You cannot understand the Middle East unless you understand the Jews from Arab countries. In this articulate blogpost, Joseph Timan explains why an appreciation of the experience of Jews in Arab countries is fundamental to the Israeli psyche, swinging Israeli elections to right-wing parties.
King Faisal visiting Jewish leaders in Iraq in the 1920s
I’ve grown accustomed to the sheer surprise on people’s faces when I tell them that my parents are both Jewish and Iraqi. Yes, we exist. And so did Jewish communities in other Arab lands, the largest of which were in North Africa, but also notably in the Middle Eastern countries of Yemen and Syria. Jews living in Arab countries of the Middle East and North Africa once totaled 800,000. Today, with few exceptions, these communities no longer exist. Having previously taken some pleasure out of the surprised response I receive, I’ve now realised how incomplete an understanding of the Arab-Israeli conflict is, in the absence of the historical narrative of Jews from Arab lands and their descendants, who make up half of the Israeli electorate.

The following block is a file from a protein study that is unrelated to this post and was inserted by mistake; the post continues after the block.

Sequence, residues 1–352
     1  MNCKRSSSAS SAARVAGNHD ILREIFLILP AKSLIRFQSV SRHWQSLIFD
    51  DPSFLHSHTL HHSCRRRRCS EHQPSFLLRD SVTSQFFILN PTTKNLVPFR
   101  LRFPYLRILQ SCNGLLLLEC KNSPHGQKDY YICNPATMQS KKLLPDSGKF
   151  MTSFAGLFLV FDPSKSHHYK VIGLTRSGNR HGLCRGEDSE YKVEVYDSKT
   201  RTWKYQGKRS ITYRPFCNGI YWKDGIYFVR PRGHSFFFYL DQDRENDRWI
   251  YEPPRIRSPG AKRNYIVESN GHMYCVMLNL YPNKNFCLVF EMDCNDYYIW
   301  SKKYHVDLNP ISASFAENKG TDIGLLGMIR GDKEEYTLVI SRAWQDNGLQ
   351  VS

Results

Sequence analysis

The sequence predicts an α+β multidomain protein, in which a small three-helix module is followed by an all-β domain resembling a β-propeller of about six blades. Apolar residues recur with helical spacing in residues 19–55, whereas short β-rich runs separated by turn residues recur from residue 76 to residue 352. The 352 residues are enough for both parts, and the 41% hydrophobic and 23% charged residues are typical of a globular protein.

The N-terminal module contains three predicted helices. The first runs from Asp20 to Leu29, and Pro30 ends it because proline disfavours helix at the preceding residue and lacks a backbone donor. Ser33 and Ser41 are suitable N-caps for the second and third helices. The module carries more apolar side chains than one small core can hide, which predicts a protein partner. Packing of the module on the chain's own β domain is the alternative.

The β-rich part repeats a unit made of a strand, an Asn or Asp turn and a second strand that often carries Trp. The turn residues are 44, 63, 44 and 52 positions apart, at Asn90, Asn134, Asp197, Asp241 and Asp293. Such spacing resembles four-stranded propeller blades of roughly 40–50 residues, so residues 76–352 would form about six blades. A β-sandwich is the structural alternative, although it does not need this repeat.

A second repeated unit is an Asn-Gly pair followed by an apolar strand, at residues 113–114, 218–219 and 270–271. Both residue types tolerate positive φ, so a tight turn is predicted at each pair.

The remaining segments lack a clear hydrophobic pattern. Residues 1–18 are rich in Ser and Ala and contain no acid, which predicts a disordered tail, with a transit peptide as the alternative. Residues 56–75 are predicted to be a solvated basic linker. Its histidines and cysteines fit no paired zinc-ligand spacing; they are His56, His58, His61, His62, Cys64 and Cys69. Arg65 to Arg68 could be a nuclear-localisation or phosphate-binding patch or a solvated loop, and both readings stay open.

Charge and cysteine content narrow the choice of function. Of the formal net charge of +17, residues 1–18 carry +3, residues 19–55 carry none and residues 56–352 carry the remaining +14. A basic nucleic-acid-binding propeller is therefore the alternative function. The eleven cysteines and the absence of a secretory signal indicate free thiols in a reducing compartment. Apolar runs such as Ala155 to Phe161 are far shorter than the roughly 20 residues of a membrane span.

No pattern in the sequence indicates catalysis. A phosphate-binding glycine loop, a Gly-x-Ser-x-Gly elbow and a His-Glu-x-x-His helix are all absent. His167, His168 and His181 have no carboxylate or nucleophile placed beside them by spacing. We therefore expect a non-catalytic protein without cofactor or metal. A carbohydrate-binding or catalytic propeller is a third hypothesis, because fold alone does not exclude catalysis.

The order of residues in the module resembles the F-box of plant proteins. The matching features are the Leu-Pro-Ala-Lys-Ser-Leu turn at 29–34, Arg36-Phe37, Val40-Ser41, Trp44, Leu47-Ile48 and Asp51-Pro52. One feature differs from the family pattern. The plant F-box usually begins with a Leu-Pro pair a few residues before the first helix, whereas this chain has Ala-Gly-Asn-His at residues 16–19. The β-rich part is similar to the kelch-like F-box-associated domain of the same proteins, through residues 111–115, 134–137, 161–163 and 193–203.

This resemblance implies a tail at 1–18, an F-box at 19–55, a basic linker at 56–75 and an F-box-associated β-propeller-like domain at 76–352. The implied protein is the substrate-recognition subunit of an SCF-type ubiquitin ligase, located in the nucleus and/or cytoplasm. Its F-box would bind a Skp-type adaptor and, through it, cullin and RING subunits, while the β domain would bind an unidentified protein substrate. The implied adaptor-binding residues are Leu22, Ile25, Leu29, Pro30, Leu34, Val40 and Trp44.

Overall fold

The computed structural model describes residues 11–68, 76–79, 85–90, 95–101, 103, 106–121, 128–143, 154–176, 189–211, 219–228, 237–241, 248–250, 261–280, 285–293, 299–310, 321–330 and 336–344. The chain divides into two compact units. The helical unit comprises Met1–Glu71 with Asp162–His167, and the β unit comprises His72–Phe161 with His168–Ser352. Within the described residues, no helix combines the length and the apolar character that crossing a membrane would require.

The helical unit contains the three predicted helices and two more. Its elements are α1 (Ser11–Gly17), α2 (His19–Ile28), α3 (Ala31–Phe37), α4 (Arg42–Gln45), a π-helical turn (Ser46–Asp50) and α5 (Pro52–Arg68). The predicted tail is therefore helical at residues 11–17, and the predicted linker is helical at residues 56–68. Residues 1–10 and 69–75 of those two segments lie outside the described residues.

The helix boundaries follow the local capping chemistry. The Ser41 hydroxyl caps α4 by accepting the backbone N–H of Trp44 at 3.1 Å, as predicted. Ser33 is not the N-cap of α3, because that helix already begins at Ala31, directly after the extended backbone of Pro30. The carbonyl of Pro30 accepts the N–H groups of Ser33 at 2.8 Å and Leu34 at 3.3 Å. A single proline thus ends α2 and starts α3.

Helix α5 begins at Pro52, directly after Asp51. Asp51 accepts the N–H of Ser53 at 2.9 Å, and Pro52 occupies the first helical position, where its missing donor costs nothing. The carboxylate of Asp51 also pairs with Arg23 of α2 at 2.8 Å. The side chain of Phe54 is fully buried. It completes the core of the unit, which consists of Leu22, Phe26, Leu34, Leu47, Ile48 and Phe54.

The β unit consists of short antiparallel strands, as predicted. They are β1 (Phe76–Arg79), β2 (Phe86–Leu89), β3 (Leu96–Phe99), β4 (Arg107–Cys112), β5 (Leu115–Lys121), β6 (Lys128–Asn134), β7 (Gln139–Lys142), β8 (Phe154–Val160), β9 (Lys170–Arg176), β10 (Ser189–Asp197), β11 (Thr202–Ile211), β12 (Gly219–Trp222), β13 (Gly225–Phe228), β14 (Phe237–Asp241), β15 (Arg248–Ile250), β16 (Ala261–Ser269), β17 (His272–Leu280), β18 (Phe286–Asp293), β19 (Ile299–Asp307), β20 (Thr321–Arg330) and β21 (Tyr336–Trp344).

Having lived in ‘the West’ all of my life, the majority of people I encounter who have met Jews, tend to have met Jews of European descent, or Ashkenazim. Those who haven’t yet had the fortune of such an encounter, tend to presume an image of the European all the same. After all, we ‘Jews of Colour’ make up a minority of the Jewish population in Europe and North America, which is predominated by Ashkenazim. But this isn’t a strictly non-Jewish phenomenon. Throughout my time at the largest Jewish school in Europe, the surprised reaction, although less common, was still there. Our minority representation in the British Jewry made this ignorance an unquestioned given.
(…) the most fundamental, and yet most overlooked factor is the shared
historical narrative of the ‘ethnic’ electorate which swung the election
and has shifted Israeli political discourse further right ever since.
Although anti-Arab sentiment may not be at the forefront of voters’
minds, their experiences in Arab countries has a profound impact on
their trust, sympathies and attitudes towards Palestinians and Arab
Israelis, who are seen in many ways as the same enemy. What’s more, the
politicisation of anti-Zionist and anti-Semitic sentiments within Islam,
intensified a fear and distrust of Muslims – a fear perpetuated by
continued anti-Semitism in parts of the Muslim world,
and just over the border by Hamas in Gaza. The fact that this ethnic
group make up half of the Israeli electorate, and have at points
outnumbered their European counterparts, makes this shared historical
narrative a fundamental characteristic of the Israeli psyche.